Emma Rasiel

Emma Rasiel is the Teaching Director of the Duke Financial Economics Center, as well as Associate Chair and Professor of Economics at Duke. Emma’s role includes developing and delivering curricular and extra-curricular programs to Duke undergraduates to improve their preparedness for careers in business and finance. Emma’s regularly taught courses include Practical Financial Markets, Intermediate Finance, and Equity Research. She also enjoys teaching Behavioral Finance each summer on her Duke in London study away program and invites anyone to check out her online Behavioral Finance course, offered on the Coursera MOOC teaching platform.


The extra-curricular programs for Duke undergraduates that Emma spearheads include bank-sponsored case study competitions; an alumni-student mentoring program for 80 students each year; and Spring Networking Days: an annual three-day event in which more than 100 students have mock interviews with 40+ visiting alumni, in preparation for investment bank recruiting season. Emma is also Director of Admissions for Duke’s MA in Economics Program, and Director of Graduate Studies for the new MS in Quantitative Finance Program. She was appointed Associate Chair of the Economics department in 2016.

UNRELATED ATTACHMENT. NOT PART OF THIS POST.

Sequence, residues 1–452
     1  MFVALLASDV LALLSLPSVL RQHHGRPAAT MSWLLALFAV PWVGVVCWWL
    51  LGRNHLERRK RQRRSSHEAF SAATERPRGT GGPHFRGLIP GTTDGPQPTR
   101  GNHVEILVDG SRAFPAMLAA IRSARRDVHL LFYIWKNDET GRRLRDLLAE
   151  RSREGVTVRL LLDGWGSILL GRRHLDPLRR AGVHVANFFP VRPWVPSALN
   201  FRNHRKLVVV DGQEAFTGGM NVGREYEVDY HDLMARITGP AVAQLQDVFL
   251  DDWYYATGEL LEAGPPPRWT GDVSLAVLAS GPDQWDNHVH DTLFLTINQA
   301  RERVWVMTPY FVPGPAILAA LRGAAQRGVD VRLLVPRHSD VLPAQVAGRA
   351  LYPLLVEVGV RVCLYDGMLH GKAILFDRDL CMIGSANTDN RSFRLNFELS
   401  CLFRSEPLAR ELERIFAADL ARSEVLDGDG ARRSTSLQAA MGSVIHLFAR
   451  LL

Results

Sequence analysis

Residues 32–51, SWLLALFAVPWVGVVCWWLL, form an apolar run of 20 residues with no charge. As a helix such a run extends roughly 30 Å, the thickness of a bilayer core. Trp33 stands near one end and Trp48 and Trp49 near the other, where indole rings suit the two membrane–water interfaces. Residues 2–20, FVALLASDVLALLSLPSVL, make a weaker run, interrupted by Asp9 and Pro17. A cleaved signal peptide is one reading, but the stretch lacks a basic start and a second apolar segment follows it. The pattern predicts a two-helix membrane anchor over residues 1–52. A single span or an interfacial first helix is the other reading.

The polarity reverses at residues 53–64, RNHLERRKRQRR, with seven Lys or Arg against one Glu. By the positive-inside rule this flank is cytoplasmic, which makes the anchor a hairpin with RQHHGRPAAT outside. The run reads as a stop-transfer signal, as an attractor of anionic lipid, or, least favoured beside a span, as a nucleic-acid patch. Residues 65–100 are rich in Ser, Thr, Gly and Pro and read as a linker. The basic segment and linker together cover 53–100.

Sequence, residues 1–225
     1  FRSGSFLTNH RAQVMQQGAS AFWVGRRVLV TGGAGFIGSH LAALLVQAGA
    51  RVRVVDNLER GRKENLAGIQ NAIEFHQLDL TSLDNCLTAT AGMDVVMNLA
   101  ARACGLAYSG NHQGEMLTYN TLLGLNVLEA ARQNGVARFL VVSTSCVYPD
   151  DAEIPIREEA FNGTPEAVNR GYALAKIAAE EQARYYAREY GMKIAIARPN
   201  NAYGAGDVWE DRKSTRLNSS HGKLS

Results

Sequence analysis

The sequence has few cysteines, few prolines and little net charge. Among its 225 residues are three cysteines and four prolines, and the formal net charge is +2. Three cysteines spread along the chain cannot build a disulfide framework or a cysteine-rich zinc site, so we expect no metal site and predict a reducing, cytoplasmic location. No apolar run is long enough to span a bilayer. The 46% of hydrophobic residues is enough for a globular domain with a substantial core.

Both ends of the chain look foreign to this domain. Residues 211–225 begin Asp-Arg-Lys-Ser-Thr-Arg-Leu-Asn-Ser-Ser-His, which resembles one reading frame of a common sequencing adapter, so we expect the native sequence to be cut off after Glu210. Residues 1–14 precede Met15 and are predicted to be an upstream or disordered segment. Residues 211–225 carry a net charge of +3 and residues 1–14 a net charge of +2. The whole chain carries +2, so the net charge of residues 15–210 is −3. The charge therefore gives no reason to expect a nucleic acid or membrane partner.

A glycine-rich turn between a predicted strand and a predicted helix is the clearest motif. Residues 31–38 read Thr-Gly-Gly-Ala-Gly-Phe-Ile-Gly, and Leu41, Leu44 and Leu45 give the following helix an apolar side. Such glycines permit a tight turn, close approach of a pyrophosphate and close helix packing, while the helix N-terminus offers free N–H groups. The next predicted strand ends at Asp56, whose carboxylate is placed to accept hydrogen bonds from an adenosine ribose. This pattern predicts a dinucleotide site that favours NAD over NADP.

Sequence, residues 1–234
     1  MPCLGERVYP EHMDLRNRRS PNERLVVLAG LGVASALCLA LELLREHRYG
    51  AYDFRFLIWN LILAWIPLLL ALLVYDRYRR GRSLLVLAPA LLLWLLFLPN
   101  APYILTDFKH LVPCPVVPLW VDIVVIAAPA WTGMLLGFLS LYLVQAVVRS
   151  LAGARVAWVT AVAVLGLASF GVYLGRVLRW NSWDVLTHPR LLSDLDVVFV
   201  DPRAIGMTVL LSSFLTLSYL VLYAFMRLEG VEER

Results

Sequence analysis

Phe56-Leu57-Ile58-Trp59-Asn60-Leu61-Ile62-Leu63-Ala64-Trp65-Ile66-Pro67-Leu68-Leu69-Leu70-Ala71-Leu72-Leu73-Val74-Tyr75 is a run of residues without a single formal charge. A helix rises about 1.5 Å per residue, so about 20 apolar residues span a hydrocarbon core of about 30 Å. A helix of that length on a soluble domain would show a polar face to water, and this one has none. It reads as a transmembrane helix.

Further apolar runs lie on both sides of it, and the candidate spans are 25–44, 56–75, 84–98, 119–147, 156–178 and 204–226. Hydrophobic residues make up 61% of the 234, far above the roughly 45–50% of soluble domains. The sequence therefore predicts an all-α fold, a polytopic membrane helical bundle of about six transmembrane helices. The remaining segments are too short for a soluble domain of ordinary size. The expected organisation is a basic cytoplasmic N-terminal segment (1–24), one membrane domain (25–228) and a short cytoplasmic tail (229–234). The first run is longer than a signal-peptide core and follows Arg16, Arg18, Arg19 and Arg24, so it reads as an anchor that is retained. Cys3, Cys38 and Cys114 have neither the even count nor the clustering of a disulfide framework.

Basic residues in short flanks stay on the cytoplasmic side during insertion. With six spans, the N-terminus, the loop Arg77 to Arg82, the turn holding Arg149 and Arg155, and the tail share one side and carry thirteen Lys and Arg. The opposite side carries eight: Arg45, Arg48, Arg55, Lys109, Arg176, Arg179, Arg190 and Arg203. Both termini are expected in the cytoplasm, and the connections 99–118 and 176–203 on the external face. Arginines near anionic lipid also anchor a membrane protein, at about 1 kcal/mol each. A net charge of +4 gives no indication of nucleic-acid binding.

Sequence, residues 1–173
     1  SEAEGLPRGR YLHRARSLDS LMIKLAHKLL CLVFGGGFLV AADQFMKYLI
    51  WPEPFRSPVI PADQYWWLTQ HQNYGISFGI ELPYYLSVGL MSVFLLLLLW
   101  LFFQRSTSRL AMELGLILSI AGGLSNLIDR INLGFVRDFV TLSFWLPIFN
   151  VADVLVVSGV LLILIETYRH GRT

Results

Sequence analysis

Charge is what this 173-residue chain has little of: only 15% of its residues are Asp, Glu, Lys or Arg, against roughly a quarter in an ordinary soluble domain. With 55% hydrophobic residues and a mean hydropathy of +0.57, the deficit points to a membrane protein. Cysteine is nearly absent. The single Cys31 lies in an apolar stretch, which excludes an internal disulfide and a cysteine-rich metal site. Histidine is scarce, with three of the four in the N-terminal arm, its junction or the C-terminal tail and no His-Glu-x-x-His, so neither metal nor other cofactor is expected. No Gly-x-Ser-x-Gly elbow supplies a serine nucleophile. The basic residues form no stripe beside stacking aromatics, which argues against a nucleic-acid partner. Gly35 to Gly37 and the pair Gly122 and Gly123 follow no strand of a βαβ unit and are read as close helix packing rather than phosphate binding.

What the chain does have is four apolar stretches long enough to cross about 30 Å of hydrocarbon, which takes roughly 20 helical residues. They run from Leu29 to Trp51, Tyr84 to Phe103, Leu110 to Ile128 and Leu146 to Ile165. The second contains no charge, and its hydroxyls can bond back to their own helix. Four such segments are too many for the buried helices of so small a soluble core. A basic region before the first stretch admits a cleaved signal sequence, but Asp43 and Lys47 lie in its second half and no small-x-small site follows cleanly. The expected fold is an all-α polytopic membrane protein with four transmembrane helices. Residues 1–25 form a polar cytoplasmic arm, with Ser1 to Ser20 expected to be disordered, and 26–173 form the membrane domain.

Emma holds bachelor's and master's degrees in mathematics from Oxford University (1986) and an MBA from the Wharton School (class of 1990). She joined Goldman Sachs in 1990 and spent two years in their New York office, subsequently moving to London to spend five years trading European bond options. She was promoted to Executive Director in 1994 and left Goldman in 1997 to pursue further academic studies at Duke. She completed her PhD in finance at the Fuqua School in 2003, moved across campus to the Economics Department, and feels very fortunate that she has been able to remain at Duke ever since.

Emma enjoys horseback riding in the cooler months of the year, water skiing in the warmer ones, and poker all year round.


Selected Publications
The Performance of Alternative Valuation Models in the OTC Currency Options Market (2003) Bollen and Rasiel, Journal of International Money and Finance.

Can Prospect Theory Explain Risk-Seeking Behavior by Terminally Ill Patients? (2005) Rasiel, Weinfurt & Schulman, Medical Decision Making.

A Portfolio Model of Drug Development for Tuberculosis (2006) Glickman, Rasiel, Dukes Hamilton, Kubataev, & Schulman, Science.

Prime & Subprime Mortgage Foreclosure Analysis (2007) Temple & Rasiel, Lazard Investment Research

Index Volatility Futures in Asset Allocation: A Hedging Framework (2008) Jacob & Rasiel, Lazard Investment Research

Considerations of Net Present Value in Policy Making Regarding Diagnostic and Theraputic Technologies (2008) Califf, Rasiel & Schulman, American Heart Journal



Office Information

Office: Soc Sci 318

Phone: 919 660 1837



Office Hours Spring 2019:

Mondays & Thursdays 1:30pm – 3:30pm




Courses Taught
Econ 256 – Practical Financial Markets

Econ 372 – Intermediate Finance

Econ 368 – Behavioral Finance

Econ 490S – The Goodner Equity Research Project











Duke Economics Department, WWW Resource.
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